The Iraqi government is now calling for a timetable for the withdrawal of American troops, but the Bush administration is trying to downplay those calls despite a re-ignited debate on the presidential campaign trail.
The Bush administration has been trying to negotiate a status-of-forces agreement with Iraq to make sure U.S. troops have the legal right to be there once a United Nations mandate ends late this year.
Iraqi Prime Minister Nouri al-Maliki has now made clear the invitation will not be open-ended. His national security adviser told reporters that Iraq cannot accept any agreement unless it has specific dates for a withdrawal of U.S. troops. That would be hard to swallow for the Bush administration, according to Kenneth Katzman of the Congressional Research Service.
"That would be a very big journey for the administration to sign on to any type of firm timetable for withdrawal," Katzman says. "That would be really repudiating the administration's entire strategy."
The Bush administration argues that the U.S. drawdown should be based on conditions on the ground and not on a timetable that could allow insurgents to simply wait it out and regroup.
"We're looking at conditions, not calendars here," State Department spokesman Gonzalo Gallegos says. "We're making progress and are committed to departing, as evidenced by the fact that we have transferred over half of the country's provinces to provisional Iraqi control. And we're planning on removing the fifth and final surge brigade at the end of the month here, if things go according to plan."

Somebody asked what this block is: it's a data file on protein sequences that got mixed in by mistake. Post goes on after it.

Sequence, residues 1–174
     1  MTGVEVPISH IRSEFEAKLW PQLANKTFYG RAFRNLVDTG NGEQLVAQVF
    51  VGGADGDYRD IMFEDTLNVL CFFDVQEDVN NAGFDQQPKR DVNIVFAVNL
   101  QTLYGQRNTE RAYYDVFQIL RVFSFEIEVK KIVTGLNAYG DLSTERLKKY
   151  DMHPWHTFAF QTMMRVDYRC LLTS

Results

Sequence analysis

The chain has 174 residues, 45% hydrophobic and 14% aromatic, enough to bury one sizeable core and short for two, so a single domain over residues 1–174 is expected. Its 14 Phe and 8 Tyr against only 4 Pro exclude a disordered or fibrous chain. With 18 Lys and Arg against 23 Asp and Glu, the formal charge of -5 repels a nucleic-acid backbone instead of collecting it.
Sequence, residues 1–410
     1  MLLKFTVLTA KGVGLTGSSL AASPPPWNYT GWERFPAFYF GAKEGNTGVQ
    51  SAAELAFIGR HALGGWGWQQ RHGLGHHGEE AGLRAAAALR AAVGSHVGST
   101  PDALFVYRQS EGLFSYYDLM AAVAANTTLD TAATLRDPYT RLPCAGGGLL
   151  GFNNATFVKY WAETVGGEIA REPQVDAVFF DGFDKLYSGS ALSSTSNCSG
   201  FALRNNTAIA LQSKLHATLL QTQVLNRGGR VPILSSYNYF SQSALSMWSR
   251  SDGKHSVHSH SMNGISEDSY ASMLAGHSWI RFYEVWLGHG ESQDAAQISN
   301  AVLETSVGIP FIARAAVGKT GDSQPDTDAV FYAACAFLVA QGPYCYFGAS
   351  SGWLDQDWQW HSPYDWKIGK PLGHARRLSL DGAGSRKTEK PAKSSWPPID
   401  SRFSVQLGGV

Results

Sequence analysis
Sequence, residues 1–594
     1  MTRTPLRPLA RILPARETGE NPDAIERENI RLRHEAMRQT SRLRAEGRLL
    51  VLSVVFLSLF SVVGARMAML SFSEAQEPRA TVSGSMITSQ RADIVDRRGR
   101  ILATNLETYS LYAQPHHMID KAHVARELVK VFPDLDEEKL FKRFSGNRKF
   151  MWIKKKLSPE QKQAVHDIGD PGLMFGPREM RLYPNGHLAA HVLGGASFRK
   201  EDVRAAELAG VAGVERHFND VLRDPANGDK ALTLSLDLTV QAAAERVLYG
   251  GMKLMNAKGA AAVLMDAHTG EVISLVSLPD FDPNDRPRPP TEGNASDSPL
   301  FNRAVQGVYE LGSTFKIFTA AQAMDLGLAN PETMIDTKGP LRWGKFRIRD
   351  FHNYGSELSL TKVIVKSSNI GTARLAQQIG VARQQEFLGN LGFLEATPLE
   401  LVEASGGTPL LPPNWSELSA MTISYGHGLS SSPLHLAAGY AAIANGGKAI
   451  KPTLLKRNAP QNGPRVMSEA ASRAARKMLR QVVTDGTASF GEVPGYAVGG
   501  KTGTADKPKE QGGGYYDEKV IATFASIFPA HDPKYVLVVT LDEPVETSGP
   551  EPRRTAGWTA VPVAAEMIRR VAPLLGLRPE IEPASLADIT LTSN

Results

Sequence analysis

The Bush administration and Republican presidential hopeful John McCain have argued that the surge has worked, but the progress is fragile and so the U.S. cannot rush out.
McCain suggested in an interview with MSNBC that the Iraqi calls for a troop withdrawal date may be driven by politics in Baghdad, where Maliki is facing a lot of skepticism about the status-of-forces negotiations.
"The Iraqis have made it clear to me, including meetings I had with the president and foreign minister in Iraq, that it is based on conditions on the ground," McCain says. "That's what I've always said. I've always said we will come home with honor and victory and not a timetable."
Presumptive Democratic presidential nominee Barack Obama, on the other hand, said it was encouraging to hear the Iraqis talk about the need to set out a time frame for the U.S. to pull out.
"I think that Prime Minister Maliki's statement is consistent with my view about how a withdrawal should proceed and how a status-of-force agreement should not be structured without congressional input and should not be rushed," Obama says.
Obama and many in Congress are worried that the status-of-forces agreement could tie the hands of the next U.S. president.
Katzman of the Congressional Research Service says the agreement could be written in lots of different ways — with a fairly vague timetable or a nonbinding one. As for tying the hands of the next U.S. administration, he sees the Iraqis, at least, backing off from any long-term deal.
"The Iraqis are now, for the past few days, talking about something very temporary, something interim; there may not be an agreement at all, which means the U.N. mandate might have to be rolled over for another year or six months," Katzman says. "There are a lot of different possibilities that are still out there."
But timetables are not the only thorny issue in the negotiations. Katzman says another dispute is over how much flexibility the U.S. would have to act on its own in Iraq, without coordinating military actions with the Iraqi government.